With Lahore once more shrouded in smog, endangering public health, caretaker Prime Minister Anwaarul Haq Kakar on Monday assured the Punjab government he will take up the issue with India at a diplomatic level.
Chairing a meeting of the provincial cabinet, Kakar was informed by interim Punjab Chief Minister Mohsin Naqvi that the primary reason for the decline in air quality was the burning of crop stubble in Indian Punjab, with wind patterns driving the pollution across the border. Addressing media after the meeting, interim Punjab Information Minister Aamir Mir said the government had no plans to shutter schools or impose work-from-home policies in Lahore, as “there will be minimal wind this week and no break will help reduce pollution.”
Despite the interim chief minister’s claims, however, several environmental experts maintain that a large portion of Lahore’s air pollution is due to vehicular emissions, which the government has failed to address. This, they say, is exacerbated by low-quality fuel, as its use boosts pollutants in the atmosphere. Authorities have also failed to consider the stubble burning of crops in Lahore’s outskirts, which further reduces air quality levels.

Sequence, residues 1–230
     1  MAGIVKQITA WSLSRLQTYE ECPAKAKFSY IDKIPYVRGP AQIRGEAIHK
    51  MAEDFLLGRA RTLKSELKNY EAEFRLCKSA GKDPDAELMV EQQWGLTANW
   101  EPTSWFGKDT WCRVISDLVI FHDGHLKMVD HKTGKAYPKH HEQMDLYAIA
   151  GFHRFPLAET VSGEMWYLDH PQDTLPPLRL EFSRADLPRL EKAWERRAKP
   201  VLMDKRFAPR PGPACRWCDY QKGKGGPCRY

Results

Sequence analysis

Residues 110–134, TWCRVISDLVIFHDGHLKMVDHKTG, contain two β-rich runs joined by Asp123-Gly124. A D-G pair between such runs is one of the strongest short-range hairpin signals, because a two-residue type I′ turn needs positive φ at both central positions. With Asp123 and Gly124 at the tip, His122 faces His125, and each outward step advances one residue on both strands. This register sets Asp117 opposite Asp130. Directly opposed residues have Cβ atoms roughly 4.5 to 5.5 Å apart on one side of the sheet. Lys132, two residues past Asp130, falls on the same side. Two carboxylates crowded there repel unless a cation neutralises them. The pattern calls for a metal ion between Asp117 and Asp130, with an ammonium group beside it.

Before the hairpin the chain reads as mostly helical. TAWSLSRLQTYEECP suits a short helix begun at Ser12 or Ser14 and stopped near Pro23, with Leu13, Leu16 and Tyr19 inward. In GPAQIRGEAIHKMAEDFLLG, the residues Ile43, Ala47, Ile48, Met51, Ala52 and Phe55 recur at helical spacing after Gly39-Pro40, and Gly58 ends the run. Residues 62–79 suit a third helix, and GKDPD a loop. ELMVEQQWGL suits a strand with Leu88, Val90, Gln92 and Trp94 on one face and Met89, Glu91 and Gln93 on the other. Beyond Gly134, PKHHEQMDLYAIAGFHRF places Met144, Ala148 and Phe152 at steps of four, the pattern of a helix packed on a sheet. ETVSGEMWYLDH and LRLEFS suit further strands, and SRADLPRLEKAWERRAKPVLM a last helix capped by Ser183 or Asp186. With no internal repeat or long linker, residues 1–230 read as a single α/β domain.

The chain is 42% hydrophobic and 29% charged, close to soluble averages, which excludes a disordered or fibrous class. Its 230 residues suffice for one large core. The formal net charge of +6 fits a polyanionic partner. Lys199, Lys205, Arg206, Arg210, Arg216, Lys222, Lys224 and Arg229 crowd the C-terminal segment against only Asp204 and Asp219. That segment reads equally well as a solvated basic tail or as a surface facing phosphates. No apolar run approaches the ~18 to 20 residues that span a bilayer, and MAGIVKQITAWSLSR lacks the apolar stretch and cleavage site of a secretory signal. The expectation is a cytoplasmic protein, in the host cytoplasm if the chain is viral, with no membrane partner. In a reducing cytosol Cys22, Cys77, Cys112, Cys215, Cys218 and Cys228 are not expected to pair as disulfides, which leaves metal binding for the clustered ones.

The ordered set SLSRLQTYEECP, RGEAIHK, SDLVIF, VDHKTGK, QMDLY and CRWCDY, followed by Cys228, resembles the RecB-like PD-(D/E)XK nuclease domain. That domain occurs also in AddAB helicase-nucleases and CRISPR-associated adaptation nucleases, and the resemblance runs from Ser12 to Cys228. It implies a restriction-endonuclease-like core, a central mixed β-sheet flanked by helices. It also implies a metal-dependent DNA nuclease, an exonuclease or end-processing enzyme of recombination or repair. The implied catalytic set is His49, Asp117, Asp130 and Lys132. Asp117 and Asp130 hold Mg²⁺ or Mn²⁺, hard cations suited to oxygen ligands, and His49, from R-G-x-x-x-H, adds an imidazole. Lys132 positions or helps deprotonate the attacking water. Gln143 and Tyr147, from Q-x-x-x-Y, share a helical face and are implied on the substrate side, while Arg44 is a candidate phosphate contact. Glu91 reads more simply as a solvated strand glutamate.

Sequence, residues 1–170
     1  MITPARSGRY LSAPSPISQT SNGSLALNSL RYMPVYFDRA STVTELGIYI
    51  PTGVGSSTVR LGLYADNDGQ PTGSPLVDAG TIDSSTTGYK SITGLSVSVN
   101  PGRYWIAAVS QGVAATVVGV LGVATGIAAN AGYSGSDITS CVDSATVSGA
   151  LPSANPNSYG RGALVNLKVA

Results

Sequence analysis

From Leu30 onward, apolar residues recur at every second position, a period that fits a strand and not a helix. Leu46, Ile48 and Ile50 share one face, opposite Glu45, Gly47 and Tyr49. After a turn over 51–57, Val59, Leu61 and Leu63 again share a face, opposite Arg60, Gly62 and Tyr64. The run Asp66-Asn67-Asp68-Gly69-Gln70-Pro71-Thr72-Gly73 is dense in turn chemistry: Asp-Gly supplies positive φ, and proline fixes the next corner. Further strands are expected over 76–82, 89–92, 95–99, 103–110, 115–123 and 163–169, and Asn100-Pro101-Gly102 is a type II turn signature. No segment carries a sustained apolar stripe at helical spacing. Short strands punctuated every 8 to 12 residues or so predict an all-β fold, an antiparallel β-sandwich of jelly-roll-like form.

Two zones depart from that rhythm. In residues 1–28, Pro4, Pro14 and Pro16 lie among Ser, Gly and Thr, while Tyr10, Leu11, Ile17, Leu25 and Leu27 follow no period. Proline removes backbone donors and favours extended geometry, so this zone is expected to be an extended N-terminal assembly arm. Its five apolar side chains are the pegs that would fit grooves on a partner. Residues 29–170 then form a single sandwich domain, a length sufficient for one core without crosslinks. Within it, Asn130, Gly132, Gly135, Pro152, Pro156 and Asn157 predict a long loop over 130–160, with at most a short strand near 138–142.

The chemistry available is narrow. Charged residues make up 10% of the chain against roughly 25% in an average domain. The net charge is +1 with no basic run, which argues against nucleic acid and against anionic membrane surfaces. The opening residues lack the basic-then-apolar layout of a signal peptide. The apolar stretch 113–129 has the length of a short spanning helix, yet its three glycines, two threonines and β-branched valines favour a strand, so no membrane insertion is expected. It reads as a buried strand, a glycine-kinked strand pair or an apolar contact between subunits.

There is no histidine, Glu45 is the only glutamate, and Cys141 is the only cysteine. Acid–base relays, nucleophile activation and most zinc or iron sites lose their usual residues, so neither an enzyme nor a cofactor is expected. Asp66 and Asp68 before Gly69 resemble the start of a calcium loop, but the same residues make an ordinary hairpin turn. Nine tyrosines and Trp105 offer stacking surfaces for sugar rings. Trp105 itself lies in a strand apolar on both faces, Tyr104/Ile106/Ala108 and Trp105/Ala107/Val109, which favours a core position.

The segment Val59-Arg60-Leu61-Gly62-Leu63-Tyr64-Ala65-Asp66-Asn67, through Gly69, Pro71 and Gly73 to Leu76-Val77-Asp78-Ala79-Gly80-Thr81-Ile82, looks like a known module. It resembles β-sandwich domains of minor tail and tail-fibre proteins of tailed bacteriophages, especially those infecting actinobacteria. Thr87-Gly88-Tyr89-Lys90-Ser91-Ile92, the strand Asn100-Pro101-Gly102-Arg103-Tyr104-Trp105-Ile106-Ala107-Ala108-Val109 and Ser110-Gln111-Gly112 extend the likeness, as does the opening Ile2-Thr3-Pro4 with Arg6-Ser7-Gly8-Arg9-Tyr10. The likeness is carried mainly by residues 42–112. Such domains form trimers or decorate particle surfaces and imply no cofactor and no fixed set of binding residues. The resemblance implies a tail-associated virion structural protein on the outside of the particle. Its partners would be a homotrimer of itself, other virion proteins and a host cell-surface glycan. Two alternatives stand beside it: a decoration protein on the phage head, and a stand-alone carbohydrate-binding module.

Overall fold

According to IQAir, which collects real-time air quality and air pollution data, Lahore has ranked the most polluted city in the world for three consecutive days. With AQI ratings exceeding 250, the city’s residents are breathing in air that the World Health Organization (WHO) considers, at best, “very unhealthy.” This has already seen the provincial government declaring an emergency in hospitals, as complaints of throat irritation and breathing difficulties mount, especially among vulnerable populations.
The Lahore High Court (LHC) has been hearing petitions against smog for several months and had directed the provincial government to halt construction; improve fuel quality; and take action against vehicles with excessive emissions. However, despite earlier promising to implement these steps, the provincial government has followed in the footsteps of its predecessors in ignoring the crisis.